JS: It’s very complicated. Some democracies are highly corrupt. Sometimes democratisation opens the space for corruption, but authoritarian rule can also be hugely corrupt. I’m not sure I would say those kinds of systems per se determine corruption levels. I do believe that democracy can control corruption better than authoritarian rule because there is more space for the involvement of civil society, which is absolutely critical to controlling corruption. In the Russian case, the Soviet system was incredibly corrupt, but it was a little harder to steal assets. In the post-Communist/post-Soviet system there was a lot of corruption, and you could more easily steal assets. So they changed the nature of this a bit, but neither of these are intrinsically related to democracy. TW: Is Russia still paying the price for what you termed a “corrupt privatisation” in the 1990s? What role did the Washington Consensus play in this context? JS: What happened was (I left advising Russia in early 1994 and the big corrupt privatisations came in mid-1995), the so-called 'share of the oil fields'. The idea was a give-away of the biggest natural resource assets in the oil and gas sector to private hands. Those became the oligarchs by and large. The process was very illegitimate as well as destructive; giving away tens of billions of dollars in improper ways hurt the state’s finances and de-legitimised the market economy. I was very perturbed. This wasn’t part of the Washington Consensus, but it was definitely done with Washington watching. They thought it would be helpful for Yeltsin’s government, but I think it was a big mistake. I think we should have given more warning. I’m not sure it could have been stopped but there was complacency in Western governments about it that was completely inappropriate. At the end of the 1990s I advocated renationalising a lot of the oil and gas sector because of the way it was given away. I am not involved in any of the details. I would not have recommended the oil and gas privatisation to begin with. This would have been the foundation of fiscal policy in the government.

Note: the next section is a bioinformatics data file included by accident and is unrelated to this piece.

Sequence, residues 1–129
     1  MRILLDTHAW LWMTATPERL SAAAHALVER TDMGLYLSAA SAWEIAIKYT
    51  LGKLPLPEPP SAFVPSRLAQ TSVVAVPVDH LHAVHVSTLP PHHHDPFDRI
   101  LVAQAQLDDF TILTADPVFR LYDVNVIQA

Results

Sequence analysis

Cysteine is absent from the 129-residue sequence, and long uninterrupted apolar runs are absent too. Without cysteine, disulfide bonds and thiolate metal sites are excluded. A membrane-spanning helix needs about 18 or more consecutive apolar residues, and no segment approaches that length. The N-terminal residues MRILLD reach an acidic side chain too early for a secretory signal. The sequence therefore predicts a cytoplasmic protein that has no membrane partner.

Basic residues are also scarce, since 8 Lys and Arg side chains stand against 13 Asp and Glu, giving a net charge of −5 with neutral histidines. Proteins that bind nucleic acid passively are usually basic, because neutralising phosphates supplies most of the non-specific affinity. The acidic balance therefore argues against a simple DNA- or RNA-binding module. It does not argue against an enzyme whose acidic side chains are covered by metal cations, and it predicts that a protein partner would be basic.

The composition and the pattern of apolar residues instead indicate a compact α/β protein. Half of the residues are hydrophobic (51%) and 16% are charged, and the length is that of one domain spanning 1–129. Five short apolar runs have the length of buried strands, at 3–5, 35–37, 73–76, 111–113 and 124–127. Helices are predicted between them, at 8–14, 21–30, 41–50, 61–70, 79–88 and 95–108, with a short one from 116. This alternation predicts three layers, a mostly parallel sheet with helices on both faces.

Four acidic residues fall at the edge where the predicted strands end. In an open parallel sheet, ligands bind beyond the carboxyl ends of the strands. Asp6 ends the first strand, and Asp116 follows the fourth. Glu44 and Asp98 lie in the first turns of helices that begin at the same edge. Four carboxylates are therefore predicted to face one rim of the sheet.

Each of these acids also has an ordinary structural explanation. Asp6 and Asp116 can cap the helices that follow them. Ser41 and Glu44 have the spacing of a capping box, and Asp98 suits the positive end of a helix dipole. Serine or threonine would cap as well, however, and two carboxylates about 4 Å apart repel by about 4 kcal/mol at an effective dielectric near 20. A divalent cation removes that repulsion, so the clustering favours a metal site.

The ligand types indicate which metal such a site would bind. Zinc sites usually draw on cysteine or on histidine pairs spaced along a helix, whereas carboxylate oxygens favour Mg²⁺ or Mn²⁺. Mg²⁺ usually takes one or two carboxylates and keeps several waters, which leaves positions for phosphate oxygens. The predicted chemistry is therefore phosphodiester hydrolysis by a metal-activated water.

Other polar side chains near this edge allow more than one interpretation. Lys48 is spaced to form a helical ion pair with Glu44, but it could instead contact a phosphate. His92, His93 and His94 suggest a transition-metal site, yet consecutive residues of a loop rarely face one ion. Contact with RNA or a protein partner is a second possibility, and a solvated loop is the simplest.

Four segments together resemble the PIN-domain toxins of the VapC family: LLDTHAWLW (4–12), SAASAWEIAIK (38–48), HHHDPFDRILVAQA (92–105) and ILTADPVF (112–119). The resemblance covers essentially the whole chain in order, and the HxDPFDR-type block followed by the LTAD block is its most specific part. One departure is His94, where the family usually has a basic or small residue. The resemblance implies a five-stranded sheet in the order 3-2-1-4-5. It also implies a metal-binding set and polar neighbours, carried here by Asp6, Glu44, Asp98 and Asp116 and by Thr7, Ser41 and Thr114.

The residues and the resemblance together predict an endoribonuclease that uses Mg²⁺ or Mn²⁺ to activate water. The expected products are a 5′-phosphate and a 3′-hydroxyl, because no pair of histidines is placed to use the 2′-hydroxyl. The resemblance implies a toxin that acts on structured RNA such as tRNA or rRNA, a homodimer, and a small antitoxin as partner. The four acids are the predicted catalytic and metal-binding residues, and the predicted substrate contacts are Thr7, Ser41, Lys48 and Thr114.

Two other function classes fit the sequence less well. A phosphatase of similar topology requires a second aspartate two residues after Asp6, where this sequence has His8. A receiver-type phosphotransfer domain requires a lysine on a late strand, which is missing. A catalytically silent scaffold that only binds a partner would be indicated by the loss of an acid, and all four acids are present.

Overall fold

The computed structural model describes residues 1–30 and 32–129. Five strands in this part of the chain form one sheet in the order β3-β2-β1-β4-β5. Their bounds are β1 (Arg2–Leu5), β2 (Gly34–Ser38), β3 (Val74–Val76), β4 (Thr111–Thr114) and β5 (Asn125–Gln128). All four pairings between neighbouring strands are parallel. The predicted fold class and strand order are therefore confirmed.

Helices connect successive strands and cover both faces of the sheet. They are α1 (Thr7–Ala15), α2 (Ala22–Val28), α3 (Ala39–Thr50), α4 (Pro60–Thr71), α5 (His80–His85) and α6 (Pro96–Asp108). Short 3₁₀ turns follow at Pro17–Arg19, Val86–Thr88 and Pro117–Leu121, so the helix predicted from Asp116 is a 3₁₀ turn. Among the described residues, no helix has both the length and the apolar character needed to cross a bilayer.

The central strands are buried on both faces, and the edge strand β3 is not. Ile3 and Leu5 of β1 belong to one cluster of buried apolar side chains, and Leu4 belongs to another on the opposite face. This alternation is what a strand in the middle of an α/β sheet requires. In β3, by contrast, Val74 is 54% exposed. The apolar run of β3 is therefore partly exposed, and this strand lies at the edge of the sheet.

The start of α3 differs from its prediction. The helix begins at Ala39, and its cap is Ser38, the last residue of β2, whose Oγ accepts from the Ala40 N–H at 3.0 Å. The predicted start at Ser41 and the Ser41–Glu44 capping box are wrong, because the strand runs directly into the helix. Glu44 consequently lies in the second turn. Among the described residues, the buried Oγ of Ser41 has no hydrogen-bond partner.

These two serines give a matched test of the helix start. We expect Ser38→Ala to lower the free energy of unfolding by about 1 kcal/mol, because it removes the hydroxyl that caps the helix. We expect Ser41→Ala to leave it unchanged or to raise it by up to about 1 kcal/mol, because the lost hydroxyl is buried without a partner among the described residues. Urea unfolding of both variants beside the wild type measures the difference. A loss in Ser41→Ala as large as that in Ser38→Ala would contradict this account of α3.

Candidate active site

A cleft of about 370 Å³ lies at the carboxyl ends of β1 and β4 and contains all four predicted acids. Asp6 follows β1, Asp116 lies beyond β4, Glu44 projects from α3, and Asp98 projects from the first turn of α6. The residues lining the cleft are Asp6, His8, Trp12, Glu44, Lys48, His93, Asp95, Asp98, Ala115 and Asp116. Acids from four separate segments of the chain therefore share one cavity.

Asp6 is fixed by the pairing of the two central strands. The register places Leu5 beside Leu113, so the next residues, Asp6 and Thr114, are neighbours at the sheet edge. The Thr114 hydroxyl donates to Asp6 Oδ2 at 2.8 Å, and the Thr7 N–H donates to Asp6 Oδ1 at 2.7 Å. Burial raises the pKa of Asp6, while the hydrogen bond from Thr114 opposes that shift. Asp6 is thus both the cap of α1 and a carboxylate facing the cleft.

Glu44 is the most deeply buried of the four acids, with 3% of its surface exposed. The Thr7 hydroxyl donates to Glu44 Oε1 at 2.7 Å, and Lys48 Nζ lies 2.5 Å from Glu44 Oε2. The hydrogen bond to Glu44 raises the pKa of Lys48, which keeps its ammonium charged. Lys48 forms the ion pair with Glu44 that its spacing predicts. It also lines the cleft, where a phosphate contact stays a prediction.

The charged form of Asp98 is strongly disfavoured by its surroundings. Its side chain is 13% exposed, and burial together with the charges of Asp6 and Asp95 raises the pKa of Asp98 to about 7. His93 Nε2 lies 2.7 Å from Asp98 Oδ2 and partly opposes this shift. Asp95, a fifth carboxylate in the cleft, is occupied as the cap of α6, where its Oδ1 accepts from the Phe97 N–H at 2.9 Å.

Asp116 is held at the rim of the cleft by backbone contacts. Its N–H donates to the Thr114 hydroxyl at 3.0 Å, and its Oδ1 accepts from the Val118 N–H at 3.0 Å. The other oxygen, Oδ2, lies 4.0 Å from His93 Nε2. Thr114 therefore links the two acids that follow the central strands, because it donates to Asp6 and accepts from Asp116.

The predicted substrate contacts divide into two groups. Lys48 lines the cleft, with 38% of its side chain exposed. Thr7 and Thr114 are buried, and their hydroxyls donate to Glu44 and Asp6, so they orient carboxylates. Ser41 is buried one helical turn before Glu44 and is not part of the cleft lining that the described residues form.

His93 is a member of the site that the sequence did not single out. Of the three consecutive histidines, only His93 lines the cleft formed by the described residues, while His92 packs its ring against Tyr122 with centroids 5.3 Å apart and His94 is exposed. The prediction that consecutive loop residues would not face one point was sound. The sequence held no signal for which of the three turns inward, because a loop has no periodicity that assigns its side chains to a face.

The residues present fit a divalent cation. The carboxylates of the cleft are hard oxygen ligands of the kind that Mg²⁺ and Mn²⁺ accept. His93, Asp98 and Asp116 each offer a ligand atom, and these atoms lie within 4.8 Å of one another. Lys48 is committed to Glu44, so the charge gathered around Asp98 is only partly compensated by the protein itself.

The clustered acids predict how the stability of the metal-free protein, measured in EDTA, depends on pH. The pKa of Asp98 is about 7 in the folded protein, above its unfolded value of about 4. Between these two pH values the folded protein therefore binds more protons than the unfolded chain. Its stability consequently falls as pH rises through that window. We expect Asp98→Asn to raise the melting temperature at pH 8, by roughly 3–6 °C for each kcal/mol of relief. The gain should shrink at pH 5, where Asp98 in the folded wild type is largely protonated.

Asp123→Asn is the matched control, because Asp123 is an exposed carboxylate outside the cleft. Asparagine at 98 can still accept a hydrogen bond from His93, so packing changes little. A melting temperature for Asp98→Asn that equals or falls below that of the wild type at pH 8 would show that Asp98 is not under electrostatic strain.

MARCH 2007 SPOTLIGHT STORY Corruption and non-violent youth movements: stories from Serbia and Georgia By Veronica Rossini “When liberty comes with hands dabbled in blood, it is hard to shake hands with her” Oscar Wilde In the past ten years, youth movements in Eastern Europe have been instrumental in organising citizen resistance to oppressive regimes. These youth movements have had two principal similarities. First, they have committed to using non-violent tactics and focusing instead on designing creative ways of marketing their message. Second, they have used the adverse affects of corruption on people’s lives in their messages to motivate them to become actively engaged. Photo: Igor Jeremić Bringing Down A Dictator is a recent documentary film telling the story of Otpor, the non-violent youth movement which organised the resistance against Serbian dictator Slobodan Milosevic. Corruption was a major factor in generating popular discontent in Serbia and the documentary highlights how Otpor used the issue of corruption to delegitimise Milosevic’s regime. To find out more about how youth movements have employed corruption as a rallying point to generate mass engagement in non-violent movements Transparency Watch talked to Srdja Popovic, one of the founders of Otpor, and Giorgi Meladze, a founding member of Kmara, the student organisation behind the Rose Revolution in Georgia. While Slobodan Milosevic will be remembered for his administration’s human rights abuses his repertoire of atrocities extended into other realms as well[1]. Before being tried for war crimes at the Hague, Milosevic was arrested by the Serbian authorities on charges of corruption and abuse of power [2]. According to Mr Popovic, the popular belief that there was widespread state-sponsored corruption “was an important factor in delegitimising Milosevic’s regime” and a unifying force behind the anti-Milosevic movement. The Otpor youth movement arose from a wish to beat Milosevic at the ballot box; a difficult feat considering the regime controlled the electoral system. Refusing to align with any of the political parties, Otpor was able to distance itself from the perceived political corruption that was the order of the day in the late 1990s. With activists on the ground spreading the message in rural areas, membership grew by 1000 percent from 4,000 student members in 1998 to an astounding 40,000 activists in 2000. “If you consider that these people were working for Otpor for two hours a day, that makes 80,000 labour hours, which would amount to a workforce of Photo: Andrija Ilić 10,000 people.” Mr Popovic explains that “one of the reasons behind Otpor’s success was its ability to recruit such a broad base of activists, particularly grassroots activists… [This was] because we were able to share a vision of tomorrow which attracted a wide audience”. Bringin Down a Dictator shows how the use of creative tactics involved the people at an emotional level too. On Milosevic’s birthday, Otpor baked a cake and cut it into many slices to represent the divisions within Serbia. In January 2000, Otpor organised a rock concert to celebrate the new Millennium. The party ended abruptly when photographs of the victims of Milosevic’s regime were projected onto giant screens around the arena. Otpor’s message was clear: Go home and think about how we can create change. Let’s celebrate when we have a reason to do so. It was these creative and non-violent tactics that ensured Otpor’s success. In the two years preceding the 2000 election, Otpor trained activists in non-violent resistance so that when the time was ripe, Milosevic’s overthrow would be a peaceful one. The indisputable success of the non-violent strategy is reflected in hard facts. When the anti-Milosevic demonstrations reached their peak on 5 October 2000, only two people of the hundreds of thousands involved in them died: an elderly man of a heart attack, and a second in a car accident.